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Car reviews - Volvo - V60 - T5 5-dr wagon

Our Opinion

We like
Design, safety, comfort, performance/economy balance, dynamics, Swedishness
Room for improvement
Poor rear vision, ride could be a smidge suppler, steering a tad heavy at lower speed for some

Volvo logo10 Jun 2011

By BYRON MATHIOUDAKIS

VOLVO needs to loosen up and embrace its inner geek.

The recent ‘Naughty’ campaign for the S60 is a perfect example of what the Swedes shouldn’t be communicating because every car-maker seems hell-bent on being BMW-like. Racy. Adrenaline. Athletic. Cliché.

Listen up, Gustav: That’s not what Volvo is about. It’s like Kate Bush attempting to boost album sales by emulating Lady Gaga. Incongruous barely begins to describe it.

A week behind the wheel of the V60 wagon version of the S60 further hammers that fact home.

Rather than being the automotive equivalent of a jock, the newest Ovlov ought to don a cardie and glasses and be cool in its own skin… let the peeps and punters out there discover its unique charms for themselves, we say! Just like back in the day of the 120, 240 and 740 heyday.

In fact, we’ll go one better by saying that lesser is better.

Take the ‘base’ T5 – if you could call basic a 177kW direct-injection turbo tearaway, six-speed dual-clutch trannie, and advanced City Safety radar that can actually stop you from hitting things at low speed as part of an embarrassment of active and passive safety gear.

At $54,950 (plus on-roads of course), the poverty pack V60 has everything you could need in a (premium) Euro – except for the laughably extortionate $1550 metallic paint.

Check the specs: all the aforementioned safety plus climate-control, rear parking radar, rain-sensing wipers, auto-on headlights, cruise control, inbuilt outboard rear booster seats, Bluetooth connectivity with audio streaming, and leather upholstery.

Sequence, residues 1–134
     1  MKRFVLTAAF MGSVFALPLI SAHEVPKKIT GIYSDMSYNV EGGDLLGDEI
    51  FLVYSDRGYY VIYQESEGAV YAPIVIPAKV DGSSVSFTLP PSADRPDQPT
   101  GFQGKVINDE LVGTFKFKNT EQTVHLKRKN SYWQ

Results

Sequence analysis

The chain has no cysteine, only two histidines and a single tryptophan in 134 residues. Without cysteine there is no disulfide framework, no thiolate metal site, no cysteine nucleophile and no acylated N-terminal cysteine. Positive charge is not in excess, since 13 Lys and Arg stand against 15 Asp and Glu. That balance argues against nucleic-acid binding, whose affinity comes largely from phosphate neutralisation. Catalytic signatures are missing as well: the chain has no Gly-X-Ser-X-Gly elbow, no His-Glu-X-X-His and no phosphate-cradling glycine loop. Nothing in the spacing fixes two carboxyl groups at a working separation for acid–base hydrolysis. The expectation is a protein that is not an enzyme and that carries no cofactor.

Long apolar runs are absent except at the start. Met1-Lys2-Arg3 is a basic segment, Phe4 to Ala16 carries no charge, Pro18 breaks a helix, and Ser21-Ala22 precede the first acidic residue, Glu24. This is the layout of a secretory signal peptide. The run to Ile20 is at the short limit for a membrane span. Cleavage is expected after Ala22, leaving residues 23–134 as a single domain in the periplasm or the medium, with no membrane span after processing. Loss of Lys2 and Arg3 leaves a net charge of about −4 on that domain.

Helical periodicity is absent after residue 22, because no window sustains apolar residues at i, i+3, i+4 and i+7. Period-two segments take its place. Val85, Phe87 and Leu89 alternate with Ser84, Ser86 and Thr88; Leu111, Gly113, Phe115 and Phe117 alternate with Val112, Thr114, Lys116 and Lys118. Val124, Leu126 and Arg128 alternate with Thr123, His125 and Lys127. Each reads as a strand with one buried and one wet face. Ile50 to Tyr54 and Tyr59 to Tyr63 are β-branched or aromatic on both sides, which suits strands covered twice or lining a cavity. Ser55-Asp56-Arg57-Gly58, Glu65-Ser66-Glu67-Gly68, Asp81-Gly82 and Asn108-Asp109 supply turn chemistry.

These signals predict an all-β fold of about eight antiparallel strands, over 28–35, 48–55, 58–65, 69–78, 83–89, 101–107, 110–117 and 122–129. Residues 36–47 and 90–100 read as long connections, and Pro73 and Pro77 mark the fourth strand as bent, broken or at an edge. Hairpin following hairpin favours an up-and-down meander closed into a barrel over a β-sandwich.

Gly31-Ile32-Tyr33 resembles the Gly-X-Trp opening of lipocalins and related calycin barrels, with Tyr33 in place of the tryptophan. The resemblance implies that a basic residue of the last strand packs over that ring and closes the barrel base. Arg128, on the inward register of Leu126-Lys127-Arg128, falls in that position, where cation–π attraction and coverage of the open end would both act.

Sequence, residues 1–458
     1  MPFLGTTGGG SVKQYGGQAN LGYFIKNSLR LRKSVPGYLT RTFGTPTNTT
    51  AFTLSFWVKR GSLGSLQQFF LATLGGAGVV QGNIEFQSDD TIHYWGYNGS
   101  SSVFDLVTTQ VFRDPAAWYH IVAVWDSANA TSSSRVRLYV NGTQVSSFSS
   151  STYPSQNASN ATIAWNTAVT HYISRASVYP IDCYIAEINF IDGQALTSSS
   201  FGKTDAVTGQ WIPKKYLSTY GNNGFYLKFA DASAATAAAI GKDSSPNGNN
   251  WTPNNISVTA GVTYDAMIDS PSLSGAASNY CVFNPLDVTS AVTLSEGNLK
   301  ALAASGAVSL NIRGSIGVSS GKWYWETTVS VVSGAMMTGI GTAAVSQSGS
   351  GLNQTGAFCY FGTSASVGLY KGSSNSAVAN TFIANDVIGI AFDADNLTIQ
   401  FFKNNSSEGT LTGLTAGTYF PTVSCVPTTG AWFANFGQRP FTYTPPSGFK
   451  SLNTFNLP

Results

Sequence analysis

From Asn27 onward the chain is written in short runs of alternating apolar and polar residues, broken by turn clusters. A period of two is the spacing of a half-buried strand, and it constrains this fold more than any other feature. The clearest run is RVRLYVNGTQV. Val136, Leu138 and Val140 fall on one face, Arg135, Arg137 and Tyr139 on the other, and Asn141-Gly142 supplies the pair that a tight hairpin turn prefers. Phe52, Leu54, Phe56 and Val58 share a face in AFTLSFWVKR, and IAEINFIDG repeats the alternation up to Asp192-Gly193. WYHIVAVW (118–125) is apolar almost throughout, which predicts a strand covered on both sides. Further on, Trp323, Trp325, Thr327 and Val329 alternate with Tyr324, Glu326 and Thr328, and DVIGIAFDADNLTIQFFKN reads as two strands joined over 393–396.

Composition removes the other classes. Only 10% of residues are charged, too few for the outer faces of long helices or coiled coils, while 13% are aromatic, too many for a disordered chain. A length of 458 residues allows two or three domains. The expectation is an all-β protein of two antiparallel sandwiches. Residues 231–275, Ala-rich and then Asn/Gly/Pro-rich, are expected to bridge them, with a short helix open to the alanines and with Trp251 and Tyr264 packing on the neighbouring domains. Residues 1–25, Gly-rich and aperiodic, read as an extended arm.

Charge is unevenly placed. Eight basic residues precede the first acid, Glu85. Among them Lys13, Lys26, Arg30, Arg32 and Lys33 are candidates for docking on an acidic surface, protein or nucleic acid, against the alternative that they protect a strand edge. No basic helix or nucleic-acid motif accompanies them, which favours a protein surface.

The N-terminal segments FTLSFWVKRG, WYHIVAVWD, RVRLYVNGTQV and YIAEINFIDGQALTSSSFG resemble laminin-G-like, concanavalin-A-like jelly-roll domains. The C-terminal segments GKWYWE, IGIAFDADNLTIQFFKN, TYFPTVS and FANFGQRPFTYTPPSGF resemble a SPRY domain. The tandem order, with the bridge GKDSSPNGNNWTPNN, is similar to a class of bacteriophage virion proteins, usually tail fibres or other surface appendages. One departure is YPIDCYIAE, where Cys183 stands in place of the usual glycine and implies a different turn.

You can also spend over $40K on niceties like switchable suspension, radar-guided cruising and a fancy body kit – but the essence of this car is, refreshingly, all yours for well under $60K driveaway.

So what is the V60 T5 like to drive then?

Fitted with Ford’s impressive 2.0-litre EcoBoost four-cylinder petrol engine, the Volvo provides the sort of power that C-class buyers need $85K to improve upon – or $155K if a more powerful wagon version of this Merc (C63 AMG) is needed!

Plant your foot and after a nano-second’s delay the (98 RON premium unleaded-fed, though 95 is perfectly acceptable) T5 whooshes forward with heady zeal, scooting up (and down) the ratios with unfettered ease. Note that even in manual sequential mode the Powershift will upshift before hitting the 6500rpm redline.

Oddly, the T5 doesn’t actually feel particularly quick. Volvo quotes a believable 8.7-second 0-100km/h time. Before no time passes, though, you’re practically flying – yet you may not even realise it. Not helping matters is the lack of a digital speedo. You could be in licence-losing territory and blissfully unaware at the same time.

Only the distant, sporty exhaust note during impressively quick overtaking manoeuvres gives the fact away that this is a speedier device than it seems – that and the fact that you’re always passing slower traffic. You’re cocooned away from the outside world in a rapid little rocket.

Load the V60 up as most Volvo wagons are destined to be and performance isn’t really hampered, except for slightly tardier take-off acceleration.

Conversely, we regularly dipped well below 9.5L/100km – and averaged 10.1 – on our varied driving route, so dipsomaniacal tendencies are not part of the Euro-V emissions-rated T5’s repertoire despite its spirited powertrain. Without having driven the diesels yet, we suspect this is the sweet spot in the V60 range.

So far so good, but previous front-drive Volvos (bar the Ford Focus-based S40/V50) tended to fall in a sorry feedback-free, leaning and lumbering heap when the first corner came. No more.

Granted, this is no BMW 3 Series, as the V60 is steered and geared towards comfort and security rather than Olympiad ability – that’s why the ESC kicks in early (though seamlessly) once traction begins to break.

Plus there is precious little feedback for keen drivers to connect with, while on our standard 17-inch rubber the T5 would progressively lean more and more the faster we chucked it through a corner.